What is data resilience?

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Data resilience is the ability of a system, network, or organization to maintain or quickly recover data availability, accessibility, and integrity in unexpected events or disasters. This involves establishing the ability to recover from or adjust easily to a disruption.

Multiple strategies can be employed to enhance data resilience—empowering teams to protect, recover, and maintain data availability and security in the face of adverse events such as systems failures, natural disasters, power outages, or cyberattacks.

Why is data resilience important?

Data is the cornerstone of every business process, enabling companies to drive profitability and stay ahead of the competition. Data resilience is important because it underpins the core functions of the business, from decision-making to customer service, while also safeguarding against potential risks and challenges that could impact the organization’s success and reputation.  For optimal operation, organizations need their data to be secure and readily available to service their customers without interruption. Effectively managing your data resilience leads to business success. Mismanaging it or losing it can cause organizations to face customer loyalty and compliance challenges.

The concept and practice of data resilience addresses two critical business priorities: business continuity and cyber resilience.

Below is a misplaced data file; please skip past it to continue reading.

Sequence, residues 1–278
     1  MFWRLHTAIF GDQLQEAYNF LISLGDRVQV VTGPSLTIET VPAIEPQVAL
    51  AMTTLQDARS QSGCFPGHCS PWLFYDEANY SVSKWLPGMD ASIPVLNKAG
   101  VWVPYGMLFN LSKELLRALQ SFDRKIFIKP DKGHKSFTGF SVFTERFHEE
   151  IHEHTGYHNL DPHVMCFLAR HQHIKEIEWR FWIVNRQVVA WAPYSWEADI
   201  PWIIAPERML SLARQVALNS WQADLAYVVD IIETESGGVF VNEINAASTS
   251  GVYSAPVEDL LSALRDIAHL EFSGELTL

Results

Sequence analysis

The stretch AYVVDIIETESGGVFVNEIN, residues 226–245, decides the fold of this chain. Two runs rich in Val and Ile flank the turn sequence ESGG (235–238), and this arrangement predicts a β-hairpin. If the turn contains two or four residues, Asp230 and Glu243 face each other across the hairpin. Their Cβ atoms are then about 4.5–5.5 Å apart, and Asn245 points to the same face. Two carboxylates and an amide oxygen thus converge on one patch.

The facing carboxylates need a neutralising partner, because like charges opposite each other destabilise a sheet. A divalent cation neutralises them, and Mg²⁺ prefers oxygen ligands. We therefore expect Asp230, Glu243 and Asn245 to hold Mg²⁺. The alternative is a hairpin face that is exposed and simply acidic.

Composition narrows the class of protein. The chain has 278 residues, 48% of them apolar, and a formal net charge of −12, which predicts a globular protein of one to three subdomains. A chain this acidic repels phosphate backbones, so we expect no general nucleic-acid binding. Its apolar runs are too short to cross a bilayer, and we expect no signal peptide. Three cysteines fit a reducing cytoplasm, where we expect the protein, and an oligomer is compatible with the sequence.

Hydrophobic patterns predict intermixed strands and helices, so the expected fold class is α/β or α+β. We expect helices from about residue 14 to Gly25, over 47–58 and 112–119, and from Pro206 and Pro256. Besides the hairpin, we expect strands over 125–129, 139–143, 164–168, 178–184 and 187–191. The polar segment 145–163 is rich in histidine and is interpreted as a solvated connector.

Ensuring secure, non-stop access to data for business continuity is imperative in the digital world, where organizations need to operate 24/7 in service of customers, employees, and partners. At the same time, an organization’s systems and data are quite likely to be affected by natural disasters, human error, and ransomware attacks. When an organization fails to ensure effective data resilience, it is at risk of data loss, data corruption, and unauthorized access that can compromise its reputation, revenue, and viability.

Data resilience strategies, solutions, and processes make it possible to not only respond to potential downtime acts and cyber threats but to survive them. Organizations following best practices in these areas can prevent both accidental and intentional business-disrupting events as well as minimize breach intrusions should they occur. For example, organizations that prioritize data resilience planning better anticipate and respond to market dynamics using emerging technologies such as AI-powered insights to reduce the effects of ransomware. By being proactive, they better capitalize on new opportunities, remain competitive, and drive growth.

What factors affect data resilience?

Both external and internal factors affect data resilience. Externally, the primary influences include increasing natural disasters, power outages and cyber threats.

Internal factors include:

  • Growing volumes of data managed across siloed systems.
  • Handling of tasks including data backup and recovery, which is the process of duplicating and storing data securely and restoring it should the original be lost or damaged. While backup focuses on maximizing a recovery point objective (RPO), recovery aims to minimize a recovery time objective (RTO). RPO indicates the acceptable amount of data loss during a disruption, based on the frequency of data backups or replication. Since RTO measures the time for systems, processes, or operations to recover after a disruption, the lower the RTO, the better.